► Limited production run of 50 confirmed
► You'll need to stump up €990,000 to secure one
► Based on the Nismo GT-R, deliveries in 2019
The GT-R50, Nissan and Italdesign’s ultimate interpretation of the Nissan GT-R, has been confirmed for production. The Japanese car maker has confirmed the production version and has opened the order books for the 50-vehicle limited run. Deliveries are expected to take place in 2019 and 2020, with the price confirmed as €990,000 (around £885,000 at today's exchange rates – although that's undoubtedly going to change, post-Brexit).
See the GT-R50's debut at the 2018 Goodwood Festival of Speed here
The GT-R50 made its public debut at Goodwood Festival of Speed, and has done the rounds in order to gauge public opinion, and its viability as a limited-run production car. It was shown at Spa-Francorchamps in Belgium, the Rolex Monterey Motorsports Reunion in the USA and Nissan Crossing in Tokyo’s Ginza district.
Potential buyers can also see it first hand at the the Nissan Gallery in Yokohama from today (7 December).
Nissan GT-R50 production version: want one?
Bob Laishley, global sports car programme director at Nissan, confirmed that potential buyers have been clamouring for the GT-R50. 'The reaction from Nissan fans around the world has exceeded our expectations.'
If you want to buy one, you can start the process by visiting www.GT-R50.nissan and then getting in touch with Italdesign to create your own bespoke version. Deliveries will begin in 2019 and will continue through 2020.
Nissan GT-R50: everything you need to know
How do you celebrate your 50th birthday? If you’re Italdesign and Nissan, you team up to create the GT-R50, a prototype that marks five decades of the GT-R model and the engineering company.
Although it’s based on a current Nissan GT-R Nismo, the GT-R50 features extreme styling, including a two-tone finish and heavily reworked front and rear ends, and it made its debut in Europe at the Goodwood Festival of Speed.
Italdesign developed, engineered and built the car, but the interior and exterior looks were created by Nissan’s design teams in Europe and America.
‘How often do you get to ask, “What if we created a GT-R without limits,” and then actually get to build it?’ said Alfonso Albaisa, Nissan’s senior vice president for global design.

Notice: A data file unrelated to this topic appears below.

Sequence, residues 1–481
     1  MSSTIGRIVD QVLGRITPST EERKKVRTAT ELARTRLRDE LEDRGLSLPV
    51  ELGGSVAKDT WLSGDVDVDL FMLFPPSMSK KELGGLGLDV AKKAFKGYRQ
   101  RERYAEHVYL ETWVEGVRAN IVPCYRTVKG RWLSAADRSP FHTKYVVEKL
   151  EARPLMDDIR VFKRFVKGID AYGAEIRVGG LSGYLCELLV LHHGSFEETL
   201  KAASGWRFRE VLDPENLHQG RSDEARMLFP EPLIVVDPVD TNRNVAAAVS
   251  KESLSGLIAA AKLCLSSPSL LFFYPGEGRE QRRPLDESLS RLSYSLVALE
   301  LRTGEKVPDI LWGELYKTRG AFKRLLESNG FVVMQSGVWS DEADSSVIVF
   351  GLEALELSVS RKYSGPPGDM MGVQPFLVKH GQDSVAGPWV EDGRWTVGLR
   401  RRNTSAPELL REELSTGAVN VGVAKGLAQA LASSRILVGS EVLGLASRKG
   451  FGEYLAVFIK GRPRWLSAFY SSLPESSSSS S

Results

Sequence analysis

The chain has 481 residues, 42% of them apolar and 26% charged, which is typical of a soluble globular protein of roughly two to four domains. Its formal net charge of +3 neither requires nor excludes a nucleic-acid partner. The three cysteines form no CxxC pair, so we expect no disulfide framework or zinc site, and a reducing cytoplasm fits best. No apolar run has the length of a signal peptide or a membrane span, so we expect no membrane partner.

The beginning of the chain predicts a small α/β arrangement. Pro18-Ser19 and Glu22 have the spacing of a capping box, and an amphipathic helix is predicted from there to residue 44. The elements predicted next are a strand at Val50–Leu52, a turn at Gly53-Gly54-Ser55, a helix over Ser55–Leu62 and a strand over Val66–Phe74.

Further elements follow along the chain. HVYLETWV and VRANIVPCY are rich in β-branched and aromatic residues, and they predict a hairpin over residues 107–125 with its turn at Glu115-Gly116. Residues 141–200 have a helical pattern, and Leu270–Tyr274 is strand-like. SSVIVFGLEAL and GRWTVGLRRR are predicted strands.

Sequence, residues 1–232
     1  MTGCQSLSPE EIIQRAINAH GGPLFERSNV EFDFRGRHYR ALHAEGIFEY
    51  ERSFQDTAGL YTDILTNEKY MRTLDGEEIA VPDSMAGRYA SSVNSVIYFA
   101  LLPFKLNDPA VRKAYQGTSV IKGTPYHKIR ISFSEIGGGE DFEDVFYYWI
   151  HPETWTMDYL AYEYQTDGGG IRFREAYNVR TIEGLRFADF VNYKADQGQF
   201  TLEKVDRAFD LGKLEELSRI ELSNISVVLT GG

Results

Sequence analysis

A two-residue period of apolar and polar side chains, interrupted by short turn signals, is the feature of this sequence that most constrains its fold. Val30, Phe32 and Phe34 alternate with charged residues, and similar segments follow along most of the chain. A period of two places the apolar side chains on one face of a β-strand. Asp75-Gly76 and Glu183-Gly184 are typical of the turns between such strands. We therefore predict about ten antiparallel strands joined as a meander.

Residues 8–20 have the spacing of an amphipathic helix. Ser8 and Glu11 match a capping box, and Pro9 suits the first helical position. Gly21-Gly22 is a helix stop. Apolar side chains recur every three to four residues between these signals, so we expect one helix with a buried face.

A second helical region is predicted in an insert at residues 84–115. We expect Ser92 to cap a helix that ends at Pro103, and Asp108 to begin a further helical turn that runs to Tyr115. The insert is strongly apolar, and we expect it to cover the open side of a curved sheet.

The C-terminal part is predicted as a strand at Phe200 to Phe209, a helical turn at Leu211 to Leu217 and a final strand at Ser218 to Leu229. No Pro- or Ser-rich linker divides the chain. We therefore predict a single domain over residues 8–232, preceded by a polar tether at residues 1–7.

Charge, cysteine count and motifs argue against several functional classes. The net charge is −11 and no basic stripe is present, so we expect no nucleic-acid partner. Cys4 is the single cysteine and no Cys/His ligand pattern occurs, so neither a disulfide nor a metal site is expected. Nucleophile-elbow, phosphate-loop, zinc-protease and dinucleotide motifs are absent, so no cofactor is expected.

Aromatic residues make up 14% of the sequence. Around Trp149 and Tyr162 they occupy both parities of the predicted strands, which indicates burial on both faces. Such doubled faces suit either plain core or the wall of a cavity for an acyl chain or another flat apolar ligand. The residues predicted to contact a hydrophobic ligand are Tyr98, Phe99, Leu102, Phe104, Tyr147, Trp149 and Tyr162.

‘This is a rare window in time when two big moments intersect: 50 years of Italdesign shaping the automotive world and 50 years of Nissan generating excitement through our iconic GT-R.’
What’s so different?
Get past the distinctive, two-tone paint-job, and the GT-R50 looks like a beefier, final-form of the current MY18 car. There’s a more pronounced power-bulge on the bonnet, while the headlights have got thinner and sharper than the production model. The side of the car reveals a roofline lowered by 54mm to promote a svelte, low-slung look – and the inlets around the side of the car also benefit from the gold and silver medley.
The rear of the car keeps the GT-R’s familiar circular tail lamps, but carves out the volume around them – giving a floating look.
When combined with a rear window that descends lower than before, it’s the back three-quarter of the GT-R50 that look most striking.
Throw in a large adjustable wing and 21-inch rims, and the GT-R50 prototype won’t be confused with the stock car any time soon.
And the interior of the Italdesign GT-R?
As you’d expect, the inside of the car is a heady cocktail of Alcantara, leather and carbonfire – and there are flashes of the same gold finish you’ll find on the exterior of the car.
Do you prefer it to the regular GT-R cabin? Be sure to sound off in the comments below.
What about the the engine?
Interestingly, this isn’t just a design exercise; Nissan has tweaked the internals of the GT-R Nismo donor car, too. The hand-assembled 3.8-litre V6 VR38DETT engine now makes around 710bhp and 575lb ft of torque, thanks to twin GT3-spec turbochargers and intercoolers, and a wealth of other near racing-spec parts.
Nissan says the the crankshaft, pistons, connecting rods and bearings, piston oil jets and camshaft profiles have all been uprated, while the engine also benefits from optimised ignition timing along with new intake and exhaust systems.
Nissan has mated the upgraded engine mated to a beefier dual-clutch six-speed ‘box, with redesigned differentials and driveshafts.
And the handling?
The handling has been upgraded, too. The car now runs on a Bilstein DampTronic, adjustable damping system, while stoppers have been upped to six-piston Brembos at the front and four-piston stoppers at the rear. Michelin Pilot Super Sports finish off the handling upgrades.
Is this a sneaky preview look at the next GT-R?
Nissan says it certainly isn’t, but you’d have to wonder given the company’s history... Over the past few years, Nissan’s GT-R concepts haven’t been too far from the production car that followed - and the GT-R50 could continue the trend.
However, Nissan’s senior vice president for global design added: ‘Although this is not the next-generation GT-R, it is an exciting celebration of two anniversaries in a provocative and creative way – wrapping one of Nissan’s best engineering platforms and Japanese design with Italian coachbuilding.’
Read all our Nissan reviews here